|Taxonomic fungal category. Slime molds.|
|Distribution||Where Found||Mode of Dissemination|
Approx. 45 genera.
|Decaying logs, stumps and dead leaves, particularly in forested regions.||These organisms have both dry and wet spores.
Wind disperses the dry fruiting body spores, whereas the wet amoebic phase is motile.
|Allergen||Potential Opportunist or Pathogen||Potential Toxin Production|
|Type I allergies (hay fever, asthma).
(Lycogala used in one skin test survey.)
|No reports of human infection.||None.|
|Growth Indoors||Industrial Uses||Other Comments|
|Occasionally found indoors.||None known.||The myxomycetes have an interesting life cycle which includes a wet spore phase and a dry spore phase. When conditions are favorable, they move about like amoebae, resembling primitive animals. When conditons are not favorable they form a resting body (sclerotium) with dry, airborne spores. The myxomycetes are not considered to be true fungi.|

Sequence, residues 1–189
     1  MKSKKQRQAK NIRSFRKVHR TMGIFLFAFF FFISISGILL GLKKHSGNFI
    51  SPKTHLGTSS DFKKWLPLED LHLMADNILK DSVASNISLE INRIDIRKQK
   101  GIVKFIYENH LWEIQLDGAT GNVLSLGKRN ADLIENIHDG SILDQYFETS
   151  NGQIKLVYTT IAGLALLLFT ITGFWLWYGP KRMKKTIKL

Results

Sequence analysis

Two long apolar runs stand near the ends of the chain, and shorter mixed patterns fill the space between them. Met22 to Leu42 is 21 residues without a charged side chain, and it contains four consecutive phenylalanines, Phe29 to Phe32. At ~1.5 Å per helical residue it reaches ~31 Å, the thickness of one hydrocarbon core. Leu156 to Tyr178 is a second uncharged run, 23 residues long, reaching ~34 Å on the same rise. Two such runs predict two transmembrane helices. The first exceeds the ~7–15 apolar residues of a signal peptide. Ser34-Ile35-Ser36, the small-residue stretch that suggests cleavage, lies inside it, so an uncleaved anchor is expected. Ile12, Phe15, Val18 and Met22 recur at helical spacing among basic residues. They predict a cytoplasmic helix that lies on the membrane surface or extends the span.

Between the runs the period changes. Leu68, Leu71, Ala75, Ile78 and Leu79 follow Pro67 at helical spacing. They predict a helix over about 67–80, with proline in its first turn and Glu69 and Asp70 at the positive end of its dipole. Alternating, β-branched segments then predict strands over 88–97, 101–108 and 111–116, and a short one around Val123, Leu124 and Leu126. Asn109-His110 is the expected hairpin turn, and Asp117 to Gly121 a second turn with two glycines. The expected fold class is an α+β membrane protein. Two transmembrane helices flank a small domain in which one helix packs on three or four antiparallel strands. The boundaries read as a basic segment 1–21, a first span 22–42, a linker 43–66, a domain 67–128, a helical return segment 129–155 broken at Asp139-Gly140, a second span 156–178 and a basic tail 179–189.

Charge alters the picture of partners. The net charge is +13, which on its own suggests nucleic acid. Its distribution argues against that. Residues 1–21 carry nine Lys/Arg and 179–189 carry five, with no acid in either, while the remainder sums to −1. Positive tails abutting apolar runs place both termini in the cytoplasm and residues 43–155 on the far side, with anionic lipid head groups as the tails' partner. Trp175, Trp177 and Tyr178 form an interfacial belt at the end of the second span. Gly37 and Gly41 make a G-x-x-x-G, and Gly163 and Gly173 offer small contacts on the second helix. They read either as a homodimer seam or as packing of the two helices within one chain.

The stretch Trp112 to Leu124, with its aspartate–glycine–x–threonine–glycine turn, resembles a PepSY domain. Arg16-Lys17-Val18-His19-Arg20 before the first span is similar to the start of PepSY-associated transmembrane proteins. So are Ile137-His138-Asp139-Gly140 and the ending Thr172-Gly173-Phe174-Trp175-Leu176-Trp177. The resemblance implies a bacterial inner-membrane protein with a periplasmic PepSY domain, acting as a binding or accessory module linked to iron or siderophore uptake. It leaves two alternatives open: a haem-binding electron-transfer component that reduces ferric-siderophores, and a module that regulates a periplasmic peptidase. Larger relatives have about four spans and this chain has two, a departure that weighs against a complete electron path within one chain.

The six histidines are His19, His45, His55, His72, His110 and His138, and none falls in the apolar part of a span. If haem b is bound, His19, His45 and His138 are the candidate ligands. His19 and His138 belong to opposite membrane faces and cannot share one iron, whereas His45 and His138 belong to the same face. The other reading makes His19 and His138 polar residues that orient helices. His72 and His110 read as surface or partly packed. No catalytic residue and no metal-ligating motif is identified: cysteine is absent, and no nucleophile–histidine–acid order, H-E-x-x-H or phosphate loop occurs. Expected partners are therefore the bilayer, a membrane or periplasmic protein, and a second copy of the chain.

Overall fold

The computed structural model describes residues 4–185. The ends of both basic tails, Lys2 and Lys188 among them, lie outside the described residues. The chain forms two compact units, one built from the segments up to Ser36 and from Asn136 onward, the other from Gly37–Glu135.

|Characteristics: Growth/Culture||Notes on Spore Trap Recognition||Notes on Tape Lift Recognition|
|The myxomycetes do not grow on general fungal media.||While a few are distinctive, many of the myxomycete spores are difficult to distinguish from the smuts. These spores are placed in our group "smuts, myxomycetes, Periconia," due to their similar "round, brown" morphology.||Occasionally seen and identified on tape lifts. Distinctive especially when fragments of the lacy fruiting bodies are present.|
|Definitions | References | Commentary|